Photo Credit: Jerry Gamez
The high school track finally appeared and Peggy asked if I wanted a beer at the finish. She ran off to fetch it and declined the hug and thanks I tried to offer...not until the finish line, she admonished. Soon, Jim left me too, and the music played as I "danced" and "jogged" around the track with Little Foot close behind.

What seemed like an army of people cheered and made a tunnel at the finish, Candice at the front and Peggy waiting with the promised beer at the end. It was over, I was the final finisher (DFL) following roughly 105 hours on course, and I had never felt so proud and part of something great in any time I'd walked away from a race with a podium finish. I had found the people, the adventure, the limit I had looked for since starting to run not so many years ago.

Finish line with Tina Ure
Photo Credit: Jerry Gamez

Epilogue: Time doesn't stop at the finish line, though it sometimes feels like it should. Becoming re-acclimated to "real" time took a bit longer than expected...leading to a missed flight and my friends again coming through to save the day. It pays to have friends with connections at airlines and ones who will literally give you the shoes off their feet when you can't find yours at the airport (thanks, Ryan and Trey!). You also sacrifice time with injury, which is why it must be a personal choice to continue with unknown consequences. For those who want to know, it took about two weeks to not have constant foot and ankle edema and a whopping eight weeks to have close to full range of motion in my left ankle/foot again. It still has a big knot of scar tissue at the foot to ankle junction that is likely to be a permanent change in my anatomy.

The elevation profile from all those peaks and valleys also made a permanent physical change in the form of a tattoo that spans my upper back, so more than scars and pictures remind me of the lessons learned and stories gained on a daily basis.

By far what I think about most when I look back at the four days of the Bigfoot 200 is joy and gratitude. The awe of beauty at the edge of reason and limit, mixed with the fierce desire to give back. Thank you for being a part of my story and allowing me to be a part of yours.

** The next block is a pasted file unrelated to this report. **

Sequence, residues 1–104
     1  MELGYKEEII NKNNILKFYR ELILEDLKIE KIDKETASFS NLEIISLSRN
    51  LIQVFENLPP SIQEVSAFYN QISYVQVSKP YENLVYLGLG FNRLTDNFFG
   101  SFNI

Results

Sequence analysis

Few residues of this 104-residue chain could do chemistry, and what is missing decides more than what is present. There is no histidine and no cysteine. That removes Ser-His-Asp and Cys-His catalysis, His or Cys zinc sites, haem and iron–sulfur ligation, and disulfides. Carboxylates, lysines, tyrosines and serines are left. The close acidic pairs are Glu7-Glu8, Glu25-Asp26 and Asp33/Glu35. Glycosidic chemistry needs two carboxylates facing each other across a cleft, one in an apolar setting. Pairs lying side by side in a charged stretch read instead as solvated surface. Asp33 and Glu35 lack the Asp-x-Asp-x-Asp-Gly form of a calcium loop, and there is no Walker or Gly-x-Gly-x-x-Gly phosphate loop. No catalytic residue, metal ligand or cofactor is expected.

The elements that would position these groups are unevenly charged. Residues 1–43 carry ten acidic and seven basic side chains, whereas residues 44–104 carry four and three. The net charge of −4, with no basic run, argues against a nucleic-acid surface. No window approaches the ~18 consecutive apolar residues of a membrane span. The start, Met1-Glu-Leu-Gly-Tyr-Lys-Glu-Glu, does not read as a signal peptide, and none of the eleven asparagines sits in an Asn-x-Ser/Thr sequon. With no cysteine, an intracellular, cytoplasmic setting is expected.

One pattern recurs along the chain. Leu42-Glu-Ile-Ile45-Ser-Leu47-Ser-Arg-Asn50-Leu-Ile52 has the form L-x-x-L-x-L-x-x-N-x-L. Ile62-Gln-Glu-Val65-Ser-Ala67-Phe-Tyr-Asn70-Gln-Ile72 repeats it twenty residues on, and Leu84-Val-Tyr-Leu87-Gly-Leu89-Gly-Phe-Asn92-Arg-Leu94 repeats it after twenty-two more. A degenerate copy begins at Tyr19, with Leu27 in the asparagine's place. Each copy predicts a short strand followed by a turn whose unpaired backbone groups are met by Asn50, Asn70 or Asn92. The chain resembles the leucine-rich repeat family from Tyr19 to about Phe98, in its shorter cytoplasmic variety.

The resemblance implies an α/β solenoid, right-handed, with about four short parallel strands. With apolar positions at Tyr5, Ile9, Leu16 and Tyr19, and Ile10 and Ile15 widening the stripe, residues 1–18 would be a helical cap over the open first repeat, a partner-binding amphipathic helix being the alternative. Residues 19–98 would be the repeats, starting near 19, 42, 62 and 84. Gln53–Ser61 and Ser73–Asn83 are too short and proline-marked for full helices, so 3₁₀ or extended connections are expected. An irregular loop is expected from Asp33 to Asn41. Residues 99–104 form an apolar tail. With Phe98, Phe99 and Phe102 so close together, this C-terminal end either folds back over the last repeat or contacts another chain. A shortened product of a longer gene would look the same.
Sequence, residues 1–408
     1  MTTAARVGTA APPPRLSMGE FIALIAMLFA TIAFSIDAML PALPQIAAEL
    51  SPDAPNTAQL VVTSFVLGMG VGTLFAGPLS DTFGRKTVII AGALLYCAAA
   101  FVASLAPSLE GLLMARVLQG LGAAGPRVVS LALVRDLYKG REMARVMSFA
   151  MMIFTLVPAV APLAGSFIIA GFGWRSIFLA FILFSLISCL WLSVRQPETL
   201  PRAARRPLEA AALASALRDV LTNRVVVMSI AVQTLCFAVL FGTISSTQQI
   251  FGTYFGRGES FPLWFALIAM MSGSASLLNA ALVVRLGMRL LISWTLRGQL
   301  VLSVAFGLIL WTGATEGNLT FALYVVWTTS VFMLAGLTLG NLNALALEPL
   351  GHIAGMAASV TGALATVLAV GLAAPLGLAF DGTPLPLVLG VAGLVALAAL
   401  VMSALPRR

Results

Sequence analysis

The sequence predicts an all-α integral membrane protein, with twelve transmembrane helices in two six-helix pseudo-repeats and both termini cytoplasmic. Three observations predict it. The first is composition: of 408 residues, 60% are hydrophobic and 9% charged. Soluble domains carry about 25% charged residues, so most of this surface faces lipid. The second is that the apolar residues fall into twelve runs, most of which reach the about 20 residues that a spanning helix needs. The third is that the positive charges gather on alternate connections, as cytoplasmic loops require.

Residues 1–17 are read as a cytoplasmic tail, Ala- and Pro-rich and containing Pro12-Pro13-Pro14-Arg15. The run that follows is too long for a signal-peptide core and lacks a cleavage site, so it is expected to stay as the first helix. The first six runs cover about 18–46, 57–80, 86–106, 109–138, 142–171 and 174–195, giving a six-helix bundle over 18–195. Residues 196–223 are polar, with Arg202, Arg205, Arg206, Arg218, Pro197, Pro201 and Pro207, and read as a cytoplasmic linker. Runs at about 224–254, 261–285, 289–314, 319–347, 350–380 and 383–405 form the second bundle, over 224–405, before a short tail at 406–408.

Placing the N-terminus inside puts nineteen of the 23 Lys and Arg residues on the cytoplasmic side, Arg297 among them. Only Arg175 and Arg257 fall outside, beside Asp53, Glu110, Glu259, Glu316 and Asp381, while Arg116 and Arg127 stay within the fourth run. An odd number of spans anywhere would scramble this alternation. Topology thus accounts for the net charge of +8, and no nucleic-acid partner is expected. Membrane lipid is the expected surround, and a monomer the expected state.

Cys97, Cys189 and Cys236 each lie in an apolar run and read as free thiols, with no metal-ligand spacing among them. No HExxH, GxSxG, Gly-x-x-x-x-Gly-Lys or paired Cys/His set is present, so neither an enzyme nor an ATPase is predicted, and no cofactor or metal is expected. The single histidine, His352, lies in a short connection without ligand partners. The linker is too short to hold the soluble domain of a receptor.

Happy Trails!

Friday, March 18, 2016

Chasing Down Bigfoot: The Beginning of the End

I followed Jim Dees' (also known as Darkling Thrush) dulcet tones through the woods for some time, straining to hear until they faded into the distant sound of running water, breeze through the trees, soft tread of my fresh shoes on the pine needle floor, and rhythmic click of poles.

Warned that there was a long climb ahead, I drank and washed my face in the winding river tributary. The climb was long, but not terribly steep in my now time adjusted memory. It leveled out high on a panoramic view just before sunset. To get a better view, I climbed a little higher off course for a picture, turned on my headlamp, and said "hello" to another night. This night blurred in and out of focus, punctuated by the sudden development of nose bleeds (a new life experience) and the need to watch out for cars on a network of forest roads.

For once, the aid station appeared earlier than I expected! Following my "feet up, eat, get going" plan, I chatted with the one conscious aid station worker and stuffed my nostrils with paper towel wads until the dripping stopped. It was a short distance to the next station and next planned sleep opportunity, so my mood was great. In fact, I had decided since midway through my time with Cody that I would be in a great mood for the duration of this time on course...whether time ran out, regardless of pain or weather...that I didn't deserve to be on this trail if I couldn't smile or feel the joy of it.